What is Permitted

What is Not Permitted

Procedure for Using the Club Toilets

Using the toilet carries a risk and we advise against it. The virus is still around and anyone could be carrying it, though current infection rates are lower than the peak, any surface at the club could be contaminated so stay alert.

Use of Lawn Shelters

You may use the Lawn Shelters next to lawns 2, 3a and 3b (main clubhouse remains closed), but are advised not to.

Procedure for Playing Croquet

That's it!

 

 


FAQ

On this page is the "justification" for some of our decisions. Please feel free to make suggestions for things you think could be improved.

Most of the frequently-questioned rules can be understood by knowing that one key goal was to reduce the possibility of touching something touched by another person - and thereby risk transferring virus from hand to hand and then to respiratory tract.

Whenever something is touched that's not completely under the control of the individual when not wearing protective gloves we recommend immediately washing with soap.

In addition to the government guidelines, The Risks - Know Them - Avoid Them is an easy-to-read article on some of the risks.

Why can't we huddle in the lawn shelters?

Social distancing! It is not possible for two people in a shelter to be 2m apart, and, since touching any surface carries a risk of transferring contamination, using the lawn shelters is advised against, but is permitted as described.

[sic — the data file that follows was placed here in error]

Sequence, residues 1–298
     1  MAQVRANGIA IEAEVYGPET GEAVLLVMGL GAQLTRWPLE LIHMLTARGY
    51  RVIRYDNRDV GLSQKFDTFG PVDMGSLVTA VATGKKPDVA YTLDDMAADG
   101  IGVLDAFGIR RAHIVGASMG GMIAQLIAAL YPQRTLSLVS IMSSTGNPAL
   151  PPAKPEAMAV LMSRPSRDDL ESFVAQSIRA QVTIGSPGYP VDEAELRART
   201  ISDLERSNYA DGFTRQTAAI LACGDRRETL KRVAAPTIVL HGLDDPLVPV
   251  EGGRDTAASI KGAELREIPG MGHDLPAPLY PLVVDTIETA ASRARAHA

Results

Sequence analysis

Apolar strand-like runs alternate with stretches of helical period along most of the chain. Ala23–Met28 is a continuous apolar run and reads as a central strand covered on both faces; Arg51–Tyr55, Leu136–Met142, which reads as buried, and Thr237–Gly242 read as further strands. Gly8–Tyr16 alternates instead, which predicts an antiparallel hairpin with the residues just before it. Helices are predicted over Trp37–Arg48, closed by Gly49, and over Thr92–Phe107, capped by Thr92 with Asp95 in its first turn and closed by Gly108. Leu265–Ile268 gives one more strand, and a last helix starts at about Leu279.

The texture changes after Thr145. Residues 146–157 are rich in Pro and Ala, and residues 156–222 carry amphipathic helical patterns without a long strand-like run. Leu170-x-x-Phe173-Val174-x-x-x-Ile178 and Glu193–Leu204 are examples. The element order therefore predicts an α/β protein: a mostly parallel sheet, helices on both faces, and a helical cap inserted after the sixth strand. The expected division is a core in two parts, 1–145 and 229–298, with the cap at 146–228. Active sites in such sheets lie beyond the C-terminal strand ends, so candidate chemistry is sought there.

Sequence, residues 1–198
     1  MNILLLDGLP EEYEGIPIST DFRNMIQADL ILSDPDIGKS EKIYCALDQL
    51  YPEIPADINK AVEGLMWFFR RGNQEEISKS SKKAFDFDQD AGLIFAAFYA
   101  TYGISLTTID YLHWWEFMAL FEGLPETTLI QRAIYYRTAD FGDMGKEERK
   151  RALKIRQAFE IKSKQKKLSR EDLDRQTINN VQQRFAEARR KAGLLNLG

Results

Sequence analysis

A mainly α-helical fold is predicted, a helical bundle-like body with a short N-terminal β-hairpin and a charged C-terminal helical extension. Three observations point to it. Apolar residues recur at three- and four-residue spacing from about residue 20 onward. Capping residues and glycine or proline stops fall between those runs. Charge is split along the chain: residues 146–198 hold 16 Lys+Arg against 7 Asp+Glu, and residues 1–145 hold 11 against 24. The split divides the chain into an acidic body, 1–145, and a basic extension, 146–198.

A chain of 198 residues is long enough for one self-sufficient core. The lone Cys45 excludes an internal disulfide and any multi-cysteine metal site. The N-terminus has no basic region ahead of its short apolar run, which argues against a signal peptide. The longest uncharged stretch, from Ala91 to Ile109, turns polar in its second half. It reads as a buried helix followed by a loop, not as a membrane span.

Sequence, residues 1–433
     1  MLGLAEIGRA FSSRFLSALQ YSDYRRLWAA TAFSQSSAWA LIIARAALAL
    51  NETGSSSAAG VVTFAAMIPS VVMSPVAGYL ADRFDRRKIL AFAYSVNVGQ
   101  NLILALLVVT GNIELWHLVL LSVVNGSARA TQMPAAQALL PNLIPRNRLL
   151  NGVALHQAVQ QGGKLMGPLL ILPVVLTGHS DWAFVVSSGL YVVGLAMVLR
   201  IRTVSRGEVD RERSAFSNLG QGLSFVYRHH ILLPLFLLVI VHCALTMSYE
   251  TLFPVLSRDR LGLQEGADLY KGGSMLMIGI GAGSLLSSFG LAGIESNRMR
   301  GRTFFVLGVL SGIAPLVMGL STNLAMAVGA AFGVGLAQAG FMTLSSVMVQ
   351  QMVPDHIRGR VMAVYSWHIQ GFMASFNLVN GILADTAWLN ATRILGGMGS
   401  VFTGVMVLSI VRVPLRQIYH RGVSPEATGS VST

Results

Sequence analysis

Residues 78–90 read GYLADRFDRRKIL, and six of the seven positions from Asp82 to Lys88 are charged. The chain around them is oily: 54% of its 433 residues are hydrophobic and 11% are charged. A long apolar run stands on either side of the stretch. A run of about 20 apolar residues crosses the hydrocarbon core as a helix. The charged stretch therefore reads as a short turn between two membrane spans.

What's the Problem with Using the Toilet?

The virus is in an infected person’s body fluids, whether or not they have symptoms. Exhaled droplets remain in the air indoors and deposit on surfaces. Flushing a toilet generates an aerosol that remains in the air and deposits onto surfaces. Any surface touched gives rise to a disease transfer risk.

Why Shouldn't I Touch the Balls

If practising alone, there's no reason not to handle the balls, however, whilst in AC you might initially think that only the striker's ball is touched and when placing it to take croquet, a counter-example is when an opponent's ball is rushed off the lawn, which is particularly common when you hit-in over a long distance or even roquet a yard-line ball. A hand-to-hand contamination risk therefore arises.

Why Shouldn't We Use GC Clips?

GC clips are necessary only for spectators to figure out the state of play. If double-banking, before playing a jump shot, the striker might need to get all four people around the hoop to remove their clips - a completely unnecessary risk.

AC clips are necessary for all but those with an exceptional memory.

Why Limit Guests, Spectators and Visitors?

Government guidelines restrict the number of people who can gather together and we interpret this as meaning "at the club" and the limit is how many people can be on or around one court at any time.

Why Can't we Double-Bank GC or Play GC Doubles?

GC requires all players to be on the court at the same time and it is too easy to break social-distancing rules whilst engrossed in a game or to get in each other's way as the games cross over the hoops.

 

 

 

 

 

 

 


For more information, please email Chris Frew, who will be happy to help.